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Re: Anti-Virus

  • Subject: Re: Anti-Virus
  • From: The Ghost In The Machine <ewill@xxxxxxxxxxxxxxxxxxxxxxx>
  • Date: Thu, 09 Feb 2006 20:00:07 GMT
  • Newsgroups: comp.os.linux.advocacy
  • Organization: EarthLink Inc. -- http://www.EarthLink.net
  • References: <7-6dnY0Fxo0f8HbeRVn-hg@comcast.com> <dsfr4s$v16$1@godfrey.mcc.ac.uk> <q6GdnTm65IP963beRVn-jQ@comcast.com>
  • User-agent: slrn/ (Linux)
  • Xref: news.mcc.ac.uk comp.os.linux.advocacy:1079872
In comp.os.linux.advocacy, Linønut
on Thu, 09 Feb 2006 11:05:36 -0600
> After takin' a swig o' grog, Roy Schestowitz belched out this bit o' wisdom:
>> __/ [mlw] on Thursday 09 February 2006 16:28 \__
>>> Could someone call a consumer protection agency or something?
>>> http://www.theregister.co.uk/2006/02/08/windows_antivirus_protection/
>>> This is so bogus. Microsoft makes a product so defective that a whole
>>> industry exists to fix and secure it.

Fix?  No.  Secure?  Maybe.

>>> Rather than FIX THEIR DAMN PRODUCT, they continue to sell the defective
>>> software and now sell a subscription to software that fixes their defects.
>> Microsoft have learned a lesson or two from your typical garage.
> Yeah, but you can always go to another garage.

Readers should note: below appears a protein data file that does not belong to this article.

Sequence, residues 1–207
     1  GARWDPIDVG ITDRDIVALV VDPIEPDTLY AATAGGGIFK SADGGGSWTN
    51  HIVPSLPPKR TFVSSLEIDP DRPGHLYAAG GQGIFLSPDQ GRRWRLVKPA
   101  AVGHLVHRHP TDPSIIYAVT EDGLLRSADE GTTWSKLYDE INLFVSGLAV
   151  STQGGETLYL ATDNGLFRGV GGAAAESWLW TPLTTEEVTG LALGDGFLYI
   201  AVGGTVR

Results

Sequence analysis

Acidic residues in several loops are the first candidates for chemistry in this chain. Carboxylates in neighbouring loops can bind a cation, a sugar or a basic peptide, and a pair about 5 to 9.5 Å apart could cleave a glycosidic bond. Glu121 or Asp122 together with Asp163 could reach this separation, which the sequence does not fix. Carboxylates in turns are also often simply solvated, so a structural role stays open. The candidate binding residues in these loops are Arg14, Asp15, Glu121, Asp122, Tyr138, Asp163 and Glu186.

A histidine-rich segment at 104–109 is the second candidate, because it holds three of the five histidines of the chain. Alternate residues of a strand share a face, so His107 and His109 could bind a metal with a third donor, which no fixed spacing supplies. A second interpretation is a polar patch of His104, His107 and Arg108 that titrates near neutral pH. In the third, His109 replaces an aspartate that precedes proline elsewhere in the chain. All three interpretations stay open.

And if one's lucky they'll have the right part.

> I think Microsoft should be forced to open up their software so that
> competing versions of Windows can be written.  May the best Windows win.

Windows is already, to some extent, open -- WinE is an
interesting venture, for example.  I'll admit I don't know
how much of WinE is because of specifications and how much
is reverse engineering, though.

And then there's Vaporware Vista.  Microsoft may have to
walk a bit of a line here: how many 3rd party products
are they willing to break to ensure a continued monopoly,
bearing in mind that if they break too many the vendors
might just find an alternative (Linux)? :-)

> Critical infrastructure should not be dependent on a sole-source vendor.

Not sure how "critical" the Internet is, though it's very important.
A bit like television and/or radio and/or electric power in that
respect (though refrigeration/food preservation complicates things).

One would hope the "football" doesn't have a NIC card... :-)

#191, ewill3@xxxxxxxxxxxxx
It's still legal to go .sigless.

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